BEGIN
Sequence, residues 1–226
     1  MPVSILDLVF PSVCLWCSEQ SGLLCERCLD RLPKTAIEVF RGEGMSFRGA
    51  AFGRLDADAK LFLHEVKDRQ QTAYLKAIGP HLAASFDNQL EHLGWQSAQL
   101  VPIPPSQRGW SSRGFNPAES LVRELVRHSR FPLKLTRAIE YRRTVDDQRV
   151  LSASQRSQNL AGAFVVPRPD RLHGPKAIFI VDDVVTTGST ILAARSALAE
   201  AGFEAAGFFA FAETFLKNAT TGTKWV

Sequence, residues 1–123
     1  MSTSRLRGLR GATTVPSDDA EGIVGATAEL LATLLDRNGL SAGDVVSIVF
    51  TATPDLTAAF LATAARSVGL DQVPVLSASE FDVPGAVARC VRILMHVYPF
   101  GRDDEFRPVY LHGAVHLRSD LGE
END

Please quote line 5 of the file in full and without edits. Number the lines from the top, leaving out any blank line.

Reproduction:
   151  LSASQRSQNL AGAFVVPRPD RLHGPKAIFI VDDVVTTGST ILAARSALAE